Location: National Soil Dynamics Laboratory
Title: Effects of different residue management methods on cotton establishment and yield in a no-till system Authors
Submitted to: Applied Engineering in Agriculture
Publication Type: Peer Reviewed Journal
Publication Acceptance Date: August 13, 2012
Publication Date: December 21, 2012
Repository URL: http://handle.nal.usda.gov/10113/57070
Citation: Kornecki, T.S., Arriaga, F.J., Price, A.J., Balkcom, K.S. 2012. Effects of different residue management methods on cotton establishment and yield in a no-till system. Applied Engineering in Agriculture. 28:787-794. Interpretive Summary: Cover crops provide multiple benefits in no-till systems, resulting in adaptation or transition to some form of conservation tillage by many cotton producers in the Southeast. Because of the cost associated with purchasing no-till equipment, producers first utilize their conventional tillage, i.e., wide strip subsoilers and conventional planters while they purchase relatively inexpensive add-on attachment tools such as row cleaners, to manage large amounts of cover crop residue. On the other hand, experienced no-till cotton producers utilize rollers to flatten cover crops and no-till planters to manage cover crop residue while planting. Our research showed that in the 2007 growing season, rolled residue helped to achieve higher cotton stands and higher cotton seed yield compared to non-rolled standing rye. Rolled residue also helped keep lower soil compaction up to 15 cm of depth compared to non-rolled residue providing more favorable growing conditions for cotton. Additionally, in all three growing seasons, the width of the tillage strip did not have any significant effect on cotton establishment or cotton seed yield.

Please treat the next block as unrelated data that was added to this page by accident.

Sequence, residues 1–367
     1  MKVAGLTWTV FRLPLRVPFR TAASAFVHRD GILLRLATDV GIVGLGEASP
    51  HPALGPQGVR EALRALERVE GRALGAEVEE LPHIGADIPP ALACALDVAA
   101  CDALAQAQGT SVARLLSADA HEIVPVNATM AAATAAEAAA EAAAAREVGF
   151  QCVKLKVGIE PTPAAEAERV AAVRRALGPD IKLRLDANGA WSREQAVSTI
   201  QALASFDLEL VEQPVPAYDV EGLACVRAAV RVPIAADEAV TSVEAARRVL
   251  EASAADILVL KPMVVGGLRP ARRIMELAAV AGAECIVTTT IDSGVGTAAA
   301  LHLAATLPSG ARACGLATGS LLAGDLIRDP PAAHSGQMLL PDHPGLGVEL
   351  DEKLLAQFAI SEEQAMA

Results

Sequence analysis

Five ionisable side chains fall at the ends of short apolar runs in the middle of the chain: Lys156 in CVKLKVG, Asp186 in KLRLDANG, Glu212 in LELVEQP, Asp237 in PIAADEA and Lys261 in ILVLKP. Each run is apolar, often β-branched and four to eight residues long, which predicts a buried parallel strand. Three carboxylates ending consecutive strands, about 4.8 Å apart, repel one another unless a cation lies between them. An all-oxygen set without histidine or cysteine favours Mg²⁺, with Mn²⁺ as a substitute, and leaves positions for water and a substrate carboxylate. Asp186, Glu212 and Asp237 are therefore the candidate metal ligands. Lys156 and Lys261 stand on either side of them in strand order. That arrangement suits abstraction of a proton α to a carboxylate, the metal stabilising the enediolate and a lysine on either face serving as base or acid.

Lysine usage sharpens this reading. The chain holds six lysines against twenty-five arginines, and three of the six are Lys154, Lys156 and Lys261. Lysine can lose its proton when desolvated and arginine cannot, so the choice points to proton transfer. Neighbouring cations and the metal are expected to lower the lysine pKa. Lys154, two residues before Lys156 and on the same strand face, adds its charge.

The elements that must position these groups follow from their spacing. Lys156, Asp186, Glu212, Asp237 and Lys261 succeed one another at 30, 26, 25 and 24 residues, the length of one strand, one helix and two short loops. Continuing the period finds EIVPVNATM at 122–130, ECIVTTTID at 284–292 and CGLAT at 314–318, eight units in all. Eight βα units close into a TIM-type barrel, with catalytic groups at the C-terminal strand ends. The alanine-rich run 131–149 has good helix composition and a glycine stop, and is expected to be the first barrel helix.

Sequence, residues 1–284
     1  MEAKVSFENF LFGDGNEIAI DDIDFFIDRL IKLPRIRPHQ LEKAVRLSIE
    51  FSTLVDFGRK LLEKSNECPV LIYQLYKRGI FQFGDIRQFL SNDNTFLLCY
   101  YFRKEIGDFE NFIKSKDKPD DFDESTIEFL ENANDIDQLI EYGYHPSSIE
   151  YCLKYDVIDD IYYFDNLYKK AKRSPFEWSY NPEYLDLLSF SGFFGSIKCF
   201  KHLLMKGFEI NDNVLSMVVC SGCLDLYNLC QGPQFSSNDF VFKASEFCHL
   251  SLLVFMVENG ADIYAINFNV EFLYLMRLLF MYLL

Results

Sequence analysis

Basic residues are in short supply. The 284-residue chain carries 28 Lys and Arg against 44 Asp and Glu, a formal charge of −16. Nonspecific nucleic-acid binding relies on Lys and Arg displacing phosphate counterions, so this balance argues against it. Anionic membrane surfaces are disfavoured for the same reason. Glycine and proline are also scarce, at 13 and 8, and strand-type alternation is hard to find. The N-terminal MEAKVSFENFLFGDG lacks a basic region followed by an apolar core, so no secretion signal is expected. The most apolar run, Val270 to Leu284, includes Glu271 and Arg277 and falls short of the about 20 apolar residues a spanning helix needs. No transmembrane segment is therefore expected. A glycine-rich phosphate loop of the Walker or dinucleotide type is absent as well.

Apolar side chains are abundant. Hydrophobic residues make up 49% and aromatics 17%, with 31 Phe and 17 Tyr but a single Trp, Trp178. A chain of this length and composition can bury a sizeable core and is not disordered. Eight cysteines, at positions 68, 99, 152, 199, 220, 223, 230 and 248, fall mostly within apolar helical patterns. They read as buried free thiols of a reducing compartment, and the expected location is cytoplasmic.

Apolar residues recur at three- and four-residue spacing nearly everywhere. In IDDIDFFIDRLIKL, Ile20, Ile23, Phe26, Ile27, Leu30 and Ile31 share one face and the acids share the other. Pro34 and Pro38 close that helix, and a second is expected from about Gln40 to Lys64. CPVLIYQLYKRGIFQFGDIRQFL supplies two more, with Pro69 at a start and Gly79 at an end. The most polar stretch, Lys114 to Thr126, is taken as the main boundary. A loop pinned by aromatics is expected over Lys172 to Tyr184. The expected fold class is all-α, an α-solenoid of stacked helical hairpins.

Technical Abstract: A field experiment was conducted in 2007, 2008 and 2009 in central Alabama to evaluate the effects of cover crop mechanical termination, strip tillage width, and row cleaners attached either to the tillage implement or planting units, on cotton population and yield. Treatments included roller (present or absent), in-row subsoiler (wide and narrow strips), and row-cleaners attached either to subsoiler, planter or both. Rye was terminated with glyphosate (both rolled and non-rolled rye) in mid-April, and tillage treatments were applied; cotton was planted three weeks after tillage. In 2007, generally higher cotton stands were associated with rolled rye residue (137,134 plants/ha) v/s non-rolled rye (115,641 plants/ha). On average, significantly higher cotton seed yield was found for rolled rye (4,540 kg/ha compared to non-rolled rye (4,332 kg/ha). Examining specific treatments, the highest cotton seed yield (4,933 kg/ha) was associated with rolled rye under narrow strip tillage with row cleaners attached to both subsoiler and planter. The lowest cotton yield (3,913 kg/ha) was associated with non-rolled residue, under narrow strip tillage with row cleaners present on both subsoiler and planter. In 2008, no difference was found in cotton stand for rolled (108,375 plants/ha) and non-rolled rye (107,719 plants/ha). Cotton seed yield was higher in 2008 than in 2007 due to a severe drought in Alabama during 2007. In 2008, slightly higher cotton yield was reported for non-rolled rye (5,658 kg/ha) v/s rolled rye (5,419 kg/ha). The non-rolled rye, narrow strip subsoiling and row cleaners on subsoiler generated the highest cotton yield (5,812 kg/ha) compared with the lowest (5,171 kg/ha) by rolled rye, narrow strip and row cleaners on the planter. In 2009, cotton stand for rolled rye was higher (115,036 plants/ha) compared to non-rolled rye residue (65,894 plants/ha). In 2009, the cotton yield was substantially reduced by flooding of the experimental area. Because of the excess of water, the cotton yield was lower (2,672 kg/ha) compared to 2007 and 2008 growing seasons. Soil strength measurements taken in fall 2009 showed significantly lower cone index values with rolled rye v/s non-rolled from 0 to 15-cm of depth, with trends reversed after 20-cm. In any case, cone index values were below the 2 MPa threshold that indicates restrictive conditions for root growth. In all three growing seasons, the width of the tillage strip and the location of row cleaners (planter/subsoiler) did not affect cotton stand and seed cotton yield.